Yesterday we took a quick look at what Mark was up to in writing his gospel. This we did by examining his introduction and found that he believed the gospel of Jesus Christ to be about the culminating story of Israel, the long-awaited new exodus, when YHWH rejoined his people at last. That’s Mark’s version of the gospel, which then takes 16 chapters to unfold.
But what about the other gospel writers? What was their take on the gospel they were committing to papyrus? Was Mark way off base in making the gospel into the final chapter of a vast epic? Let’s have a quick look, as we did with Mark, at the introductions of the other three gospels. This should tell us something significant about the meaning they saw in Jesus’ story.
We’ll start with Matthew (we’ll get to Luke and John soon enough), winner of the boring-est introduction to any book ever. Most of us hardly realize that Matthew opens his gospel with a genealogy. That’s because we open the New Testament, find a list of names that takes up a whole page, and skip right on to the interesting stuff about Jesus’ birth. I mean, that’s where the story really starts. Amiright?
But Matthew, naturally, is smarter than we are. He knows what he’s doing.
His genealogy is broken up into three chunks. The first runs from Abraham to David, the second from David to Israel’s exile into Babylon, then the third from the exile to Jesus. These are not insignificant divisions, not by a long stretch. Matthew has paused, on each occasion, at critical turning points in Israel’s history. (This is likely the primary reason this genealogy skips generations and fits so neatly into the 3×14 mold. It’s a stylized account meant to tell us something more significant than just who exactly were Jesus’ ancestors.)
First, we get Abraham: the father of all Israelites. Abraham is where the story begins. This is where, for all intent and purpose, God begins his work at rescuing the planet he created. That is effectively the promise given when we first meet Abraham in Genesis 12:
The Lord said to Abram: Go out from your land, your relatives, and your father’s house to the land that I will show you. I will make you into a great nation, I will bless you, I will make your name great, and you will be a blessing. I will bless those who bless you, I will curse those who treat you with contempt, and all the peoples on earth will be blessed through you (Gen. 12:1-3, HCSB).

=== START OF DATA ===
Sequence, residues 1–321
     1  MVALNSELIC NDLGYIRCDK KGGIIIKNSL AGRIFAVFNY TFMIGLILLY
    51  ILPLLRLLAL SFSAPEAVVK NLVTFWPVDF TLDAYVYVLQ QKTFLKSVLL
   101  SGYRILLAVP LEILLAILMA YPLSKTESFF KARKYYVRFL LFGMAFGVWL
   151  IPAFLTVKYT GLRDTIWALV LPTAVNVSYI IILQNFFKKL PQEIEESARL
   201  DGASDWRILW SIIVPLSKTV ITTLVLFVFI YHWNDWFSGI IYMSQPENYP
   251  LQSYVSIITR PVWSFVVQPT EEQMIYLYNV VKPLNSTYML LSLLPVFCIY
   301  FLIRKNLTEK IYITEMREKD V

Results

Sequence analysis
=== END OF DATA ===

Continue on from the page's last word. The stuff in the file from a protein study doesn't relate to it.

There, in a nutshell is God’s agenda for Israel. They will be blessed so that through them the whole corrupted world might be rescued. And Matthew is telling his audience up front that the story of Jesus is a critical chapter in that grand narrative.
Secondly, Matthew lands on King David, the high point in Israel’s long history up to the first century. David was the benchmark for Israel in terms of both its political and religious life (as if we could separate those from Israel’s perspective; they are one and the same, really). Not only that, but it had been promised David that he would have a son whose kingdom would never end, because of its intimate connection to YHWH (2 Sam. 7:11b-16).
Matthew is again giving a massive exaggerated wink to his audience: Remember the hopes we received as a people from our great King David’s story; this story about Jesus is that story.
Lastly, Matthew highlights with exile in Babylon. This is probably the one aspect of Israel’s history that most Christians are least familiar with. Israel getting hauled off to faraway Babylon doesn’t make for a simple Sunday school story. What do you do when the supposed heroes of the Bible become so corrupted? (These days, you make a Netflix original out of it, but whatever.)
But the exile is terribly important to Jews, especially those of Jesus’ own day. Although by then many Jews had long since returned to Jerusalem and its environs, they still had a strong sense that the exile was not yet over. In the Bible itself, this is probably most clearly expressed by the prophets Nehemiah and Malachi. Nehemiah has a critical passage in which he cries out to the Lord over the nation’s political situation, still operating under the jurisdiction of the pagan Medo-Persians (Neh. 9:36-37). Malachi speaks of the people still awaiting the return of YHWH to his people, the very passage Mark had used in his introduction (Mal. 3:1-4).
Again, what is Matthew up to with this genealogy? Like the opposite of putting the medicine in the candy, Matthew has masked the treat with boiled spinach. His genealogy carries the delicious meaning in its structure: Jesus’ gospel is about exile coming to its end and a new stage opening in the history of YHWH’s people.
What is Matthew’s gospel? His story of Jesus is the story of saving promise given to Abraham centuries earlier. It is the story of the new and greater son of David ascending his everlasting throne. It is the final end to the incessant exile Israel had suffered under for over 500 years. According to Matthew, Jesus’ life is about all these at once, and much more.